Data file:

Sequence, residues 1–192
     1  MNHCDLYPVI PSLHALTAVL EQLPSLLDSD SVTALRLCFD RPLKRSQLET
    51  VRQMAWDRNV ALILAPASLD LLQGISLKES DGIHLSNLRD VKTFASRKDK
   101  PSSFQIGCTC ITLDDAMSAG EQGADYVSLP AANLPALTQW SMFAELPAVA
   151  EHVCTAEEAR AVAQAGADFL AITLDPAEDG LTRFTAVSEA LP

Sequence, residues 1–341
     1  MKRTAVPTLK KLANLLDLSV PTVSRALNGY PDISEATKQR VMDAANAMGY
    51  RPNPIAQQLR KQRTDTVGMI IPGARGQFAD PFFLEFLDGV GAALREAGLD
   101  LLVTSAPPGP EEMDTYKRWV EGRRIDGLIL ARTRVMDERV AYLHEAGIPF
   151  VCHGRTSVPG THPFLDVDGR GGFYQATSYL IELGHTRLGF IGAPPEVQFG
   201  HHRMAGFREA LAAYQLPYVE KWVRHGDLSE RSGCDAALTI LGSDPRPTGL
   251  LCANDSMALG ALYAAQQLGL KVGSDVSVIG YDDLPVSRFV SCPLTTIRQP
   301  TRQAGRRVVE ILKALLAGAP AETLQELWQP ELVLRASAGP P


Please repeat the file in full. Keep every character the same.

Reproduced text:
Sequence, residues 1–192
     1  MNHCDLYPVI PSLHALTAVL EQLPSLLDSD SVTALRLCFD RPLKRSQLET
    51  VRQMAWDRNV ALILAPASLD LLQGISLKES DGIHLSNLRD VKTFASRKDK
   101  PSSFQIGCTC ITLDDAMSAG EQGADYVSLP AANLPALTQW SMFAELPAVA
   151  EHVCTAEEAR AVAQAGADFL AITLDPAEDG LTRFTAVSEA LP

Sequence, residues 1–341
     1  MKRTAVPTLK KLANLLDLSV PTVSRALNGY PDISEATKQR VMDAANAMGY
    51  RPNPIAQQLR KQRTDTVGMI IPGARGQFAD PFFLEFLDGV GAALREAGLD
   101  LLVTSAPPGP EEMDTYKRWV EGRRIDGLIL ARTRVMDERV AYLHEAGIPF
   151  VCHGRTSVPG THPFLDVDGR GGFYQATSYL IELGHTRLGF IGAPPEVQFG
   201  HHRMAGFREA LAAYQLPYVE KWVRHGDLSE RSGCDAALTI LGSDPRPTGL
   251  LCANDSMALG ALYAAQQLGL KVGSDVSVIG YDDLPVSRFV SCPLTTIRQP
   301  TRQAGRRVVE ILKALLAGAP AETLQELWQP ELVLRASAGP P